By Brittany Rice, Director of Winemaking, Sunstone Winery
November 18, 2020
Being a winemaker for the past twenty years, Harvest 2020 in my view can be labeled as the toughest “Harvest Bootcamp” as it was the best workout and lack of sleep you would ever have experienced. That is why we all love it. The challenge is what we winemakers enjoy as it’s a huge accomplishment in the end. We make the toughest winemaking situations and impossible moments into incredible wines and great stories.
This harvest was the busiest year of our winemaking at Sunstone, as well as the most complicated and quickest harvest, in our 30-year existence as wine growers and artisan producers. On top of that, we had additional complexities of COVID-19 to deal with. Fortunately, we were spared from wildfires that sadly burned through vineyards in other wine regions.
Sunstone’s Production department has the most loyal, motivated, and hardworking team I have worked with in a very long time. We have a team of six: Director of Winemaking- Brittany; Assistant Winemaker- Jon; Cellar Master- Jose; Assistant Cellar Master-Lupe; and the Cellar Assistants Maricela and Mike. Even through “COVID-19 2020” we completely knocked it out as an entire team and made some of the most elegantly crafted wines even with these mysterious roadblocks mother nature tossed our way, as we experienced during the duration. This year’s harvest kicked off on August 30th and went through October 14th.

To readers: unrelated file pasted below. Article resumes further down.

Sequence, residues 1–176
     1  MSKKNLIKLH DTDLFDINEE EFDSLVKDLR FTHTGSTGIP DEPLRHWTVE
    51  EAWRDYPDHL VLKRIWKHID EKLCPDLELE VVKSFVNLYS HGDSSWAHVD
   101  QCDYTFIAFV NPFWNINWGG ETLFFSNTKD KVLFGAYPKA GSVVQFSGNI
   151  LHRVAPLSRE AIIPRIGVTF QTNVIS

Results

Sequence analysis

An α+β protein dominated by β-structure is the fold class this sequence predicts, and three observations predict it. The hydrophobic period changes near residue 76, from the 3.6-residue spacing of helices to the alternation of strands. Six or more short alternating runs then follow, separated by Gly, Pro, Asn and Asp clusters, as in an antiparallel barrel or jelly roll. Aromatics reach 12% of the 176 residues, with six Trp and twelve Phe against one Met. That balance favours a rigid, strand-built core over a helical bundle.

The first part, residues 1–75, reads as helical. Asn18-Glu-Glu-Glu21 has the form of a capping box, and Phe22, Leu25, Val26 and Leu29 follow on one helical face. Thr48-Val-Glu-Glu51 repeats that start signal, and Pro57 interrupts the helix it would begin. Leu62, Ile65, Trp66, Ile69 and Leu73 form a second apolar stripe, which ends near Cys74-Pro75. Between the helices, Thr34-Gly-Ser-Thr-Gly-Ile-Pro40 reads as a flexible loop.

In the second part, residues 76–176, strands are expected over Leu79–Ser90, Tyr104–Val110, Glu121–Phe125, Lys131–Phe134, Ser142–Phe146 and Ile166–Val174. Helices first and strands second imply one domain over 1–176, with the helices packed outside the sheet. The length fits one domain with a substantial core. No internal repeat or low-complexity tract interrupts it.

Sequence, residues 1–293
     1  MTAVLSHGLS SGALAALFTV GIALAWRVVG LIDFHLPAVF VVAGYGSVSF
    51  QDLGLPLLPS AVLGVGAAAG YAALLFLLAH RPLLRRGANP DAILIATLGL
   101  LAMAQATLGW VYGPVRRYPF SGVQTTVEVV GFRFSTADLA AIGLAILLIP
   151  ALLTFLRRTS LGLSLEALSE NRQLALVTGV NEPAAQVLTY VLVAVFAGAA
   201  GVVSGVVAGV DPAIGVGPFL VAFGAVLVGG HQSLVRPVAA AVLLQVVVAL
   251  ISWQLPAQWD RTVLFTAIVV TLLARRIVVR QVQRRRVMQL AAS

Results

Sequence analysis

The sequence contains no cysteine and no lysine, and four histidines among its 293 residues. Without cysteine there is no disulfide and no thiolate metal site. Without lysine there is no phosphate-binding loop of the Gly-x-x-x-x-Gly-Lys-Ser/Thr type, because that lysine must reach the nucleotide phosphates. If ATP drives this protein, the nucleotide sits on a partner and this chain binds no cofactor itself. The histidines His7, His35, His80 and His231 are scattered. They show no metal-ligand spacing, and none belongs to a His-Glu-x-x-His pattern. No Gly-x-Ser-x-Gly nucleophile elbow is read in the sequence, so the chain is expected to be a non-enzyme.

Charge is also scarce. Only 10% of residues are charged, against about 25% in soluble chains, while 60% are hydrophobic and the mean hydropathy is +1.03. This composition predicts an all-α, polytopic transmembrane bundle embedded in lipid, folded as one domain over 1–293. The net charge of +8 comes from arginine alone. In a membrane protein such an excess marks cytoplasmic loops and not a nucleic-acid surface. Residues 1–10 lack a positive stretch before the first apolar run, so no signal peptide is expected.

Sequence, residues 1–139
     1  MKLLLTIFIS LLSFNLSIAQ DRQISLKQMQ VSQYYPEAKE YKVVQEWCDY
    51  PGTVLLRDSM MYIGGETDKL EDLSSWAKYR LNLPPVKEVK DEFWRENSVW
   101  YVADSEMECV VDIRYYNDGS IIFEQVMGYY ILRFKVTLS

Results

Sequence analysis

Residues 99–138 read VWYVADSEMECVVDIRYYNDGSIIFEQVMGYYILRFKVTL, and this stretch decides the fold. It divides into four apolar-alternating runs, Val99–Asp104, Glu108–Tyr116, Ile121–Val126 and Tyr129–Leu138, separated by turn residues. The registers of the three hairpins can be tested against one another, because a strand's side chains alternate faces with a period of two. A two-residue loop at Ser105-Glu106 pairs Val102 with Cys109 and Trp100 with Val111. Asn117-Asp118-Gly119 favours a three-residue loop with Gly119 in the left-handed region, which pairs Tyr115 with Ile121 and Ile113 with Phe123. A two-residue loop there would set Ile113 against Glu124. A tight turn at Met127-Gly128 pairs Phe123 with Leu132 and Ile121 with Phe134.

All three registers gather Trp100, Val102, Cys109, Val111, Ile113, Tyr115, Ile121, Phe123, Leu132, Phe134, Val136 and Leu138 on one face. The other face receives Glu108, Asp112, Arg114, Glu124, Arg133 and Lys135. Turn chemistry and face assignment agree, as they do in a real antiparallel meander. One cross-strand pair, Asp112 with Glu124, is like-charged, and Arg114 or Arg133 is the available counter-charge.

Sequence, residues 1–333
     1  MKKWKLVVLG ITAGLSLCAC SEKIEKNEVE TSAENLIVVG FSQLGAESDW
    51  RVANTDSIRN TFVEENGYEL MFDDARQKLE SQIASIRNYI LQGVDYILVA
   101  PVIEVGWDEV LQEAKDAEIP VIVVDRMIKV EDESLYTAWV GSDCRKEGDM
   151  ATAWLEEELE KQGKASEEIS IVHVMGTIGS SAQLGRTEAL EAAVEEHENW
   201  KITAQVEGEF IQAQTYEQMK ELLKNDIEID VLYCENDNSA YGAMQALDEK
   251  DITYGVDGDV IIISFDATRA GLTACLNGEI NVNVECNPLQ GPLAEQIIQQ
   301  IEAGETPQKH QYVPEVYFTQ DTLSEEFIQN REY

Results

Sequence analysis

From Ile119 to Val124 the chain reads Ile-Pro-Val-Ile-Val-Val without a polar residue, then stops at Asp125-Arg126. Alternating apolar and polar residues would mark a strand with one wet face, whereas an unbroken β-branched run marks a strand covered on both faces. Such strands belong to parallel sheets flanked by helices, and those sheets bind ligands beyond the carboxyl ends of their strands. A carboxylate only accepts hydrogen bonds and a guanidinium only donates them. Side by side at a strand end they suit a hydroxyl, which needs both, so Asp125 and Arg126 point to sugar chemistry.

Before I get to all the details of harvest, please enjoy this brief video of some of the action across all the vineyards we harvested from!